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Prices climbed 7.5% in January compared with last year, continuing inflation’s fastest pace in 40 years

WASHINGTON — Prices continued their upward march in January, rising at an annual rate of 7.5 percent, the fastest pace in 40 years, as pandemic inflation continues to defy expectations, climbing faster and lasting longer than nearly anyone would have guessed.

Inflation had been expected to climb relative to last January, when the economy reeled from a winter coronavirus surge before widespread vaccines, as well as the cumulative price increases of a chaotic 2021. But Thursday’s release from the Bureau of Labor Statistics also hit new and surprising high notes — electricity bills saw their fastest monthly increase in 16 years, and a rapid rise in the cost of baked goods, including cupcakes and cookies, led most food prices higher.


The January inflation report reflects an economy still wracked by virus variants and supply chain upheaval, a stark contrast to the promises from the White House, Federal Reserve, and economists that 2022 would ring in a new era of normalcy, throwing off the shackles of transient price gains.

However, as the Omicron variant subsides and vaccination rates rise, the hope is inflation will begin to drift downward. Many economists and business leaders predict price growth will peak in the next few months and inflation will begin what could be a long descent back to normal, assuming new variants of the coronavirus don’t jolt recovery’s overall trajectory.

“Inflation is still hot, and obviously uncomfortably high, but it’s at its peak, and as the pandemic winds down, as supply chains iron themselves out, inflation will moderate,” said Mark Zandi, chief economist at Moody’s Analytics.

Zandi said “it’s not going to be a straight line back” to more sustainable levels of inflation. But his prediction is that “each new wave is less disruptive than the previous one, and as that continues, it’s very encouraging.”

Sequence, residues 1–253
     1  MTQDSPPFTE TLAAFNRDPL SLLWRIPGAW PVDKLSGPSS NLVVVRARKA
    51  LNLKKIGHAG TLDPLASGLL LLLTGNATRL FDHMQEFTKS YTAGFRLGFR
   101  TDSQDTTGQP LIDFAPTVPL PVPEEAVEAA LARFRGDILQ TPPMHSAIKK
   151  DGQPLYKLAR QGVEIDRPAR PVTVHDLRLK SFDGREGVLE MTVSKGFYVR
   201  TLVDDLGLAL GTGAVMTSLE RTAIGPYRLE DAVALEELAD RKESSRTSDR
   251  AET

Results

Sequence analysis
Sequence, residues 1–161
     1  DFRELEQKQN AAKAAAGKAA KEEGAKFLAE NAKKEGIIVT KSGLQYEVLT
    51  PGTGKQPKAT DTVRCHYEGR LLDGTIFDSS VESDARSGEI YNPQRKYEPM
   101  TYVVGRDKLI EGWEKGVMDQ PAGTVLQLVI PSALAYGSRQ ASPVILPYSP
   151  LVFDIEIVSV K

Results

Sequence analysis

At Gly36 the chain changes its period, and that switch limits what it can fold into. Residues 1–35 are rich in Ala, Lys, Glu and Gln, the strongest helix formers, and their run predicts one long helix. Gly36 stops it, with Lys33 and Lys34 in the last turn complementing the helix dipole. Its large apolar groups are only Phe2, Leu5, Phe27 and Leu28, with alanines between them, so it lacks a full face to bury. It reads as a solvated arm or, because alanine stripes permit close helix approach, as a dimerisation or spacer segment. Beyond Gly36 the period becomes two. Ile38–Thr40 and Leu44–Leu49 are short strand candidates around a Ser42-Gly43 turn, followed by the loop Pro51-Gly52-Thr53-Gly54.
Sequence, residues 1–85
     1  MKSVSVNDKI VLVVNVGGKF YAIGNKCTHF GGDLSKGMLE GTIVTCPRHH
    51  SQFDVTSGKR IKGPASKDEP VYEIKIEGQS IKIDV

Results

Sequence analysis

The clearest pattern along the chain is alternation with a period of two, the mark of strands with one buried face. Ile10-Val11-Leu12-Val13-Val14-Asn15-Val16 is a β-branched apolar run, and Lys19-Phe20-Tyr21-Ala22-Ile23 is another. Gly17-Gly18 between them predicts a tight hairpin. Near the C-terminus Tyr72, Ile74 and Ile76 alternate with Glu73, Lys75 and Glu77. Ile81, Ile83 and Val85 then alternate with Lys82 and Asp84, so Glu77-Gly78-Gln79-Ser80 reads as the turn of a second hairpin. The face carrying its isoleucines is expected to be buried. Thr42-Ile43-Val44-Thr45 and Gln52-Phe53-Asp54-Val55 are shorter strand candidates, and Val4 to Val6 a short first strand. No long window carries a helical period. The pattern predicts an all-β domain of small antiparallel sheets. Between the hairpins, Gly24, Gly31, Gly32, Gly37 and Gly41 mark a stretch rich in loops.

Annual inflation numbers are likely to slow in coming months. That’s in part because the yearly comparisons will no longer include the effect of all the supply-chain disruptions and massive stimulus of early 2021. Still, monthly price growth remains unsustainably high — prices jumped 0.6 percent from December to January — though many hope that the Fed’s plans to raise interest rates in March could begin to cool prices down.

In the short term, companies see room to charge more. Colgate-Palmolive, which sells toothpaste, pet food, and more, recently announced price hikes to cover soaring costs.

Chief executive Noel Wallace said on a recent earnings call he expected the price of raw materials to peak in the first three months of the year, and that the company would be able to increase profits later in the year as recent price hikes took effect and raw-material costs began to fall. Because prices are rising everywhere, companies can charge more without worrying that customers will switch to a cheaper competitor.

“I’m worried,” said Diane Swonk, chief economist at Grant Thornton. She agrees inflation could slow in the next few months but warns that it might be difficult to bring price growth down to pre-pandemic levels.

“The Fed is counting on inflation abating somewhat on its own,” Swonk said. “The problem is that even as inflation abates, it may not cool enough not to burn. Some of the inflation we are seeing is becoming more entrenched in the service sector. There is no playbook for derailing inflation in this environment.”


Increases in the cost of food, electricity, and shelter helped drive inflation higher in January with household furnishings, clothing, and medical care becoming costlier, while used-car costs continued to spiral, albeit at a slower pace than in prior months.

Despite inflation, there are signs that strong wage growth and generous federal aid has helped workers stay ahead of rising prices since the pandemic began. And while workers have fallen behind in recent months, Bernard Baumohl chief global economist of the Economic Outlook Group, expects them to come out ahead again as inflation falls.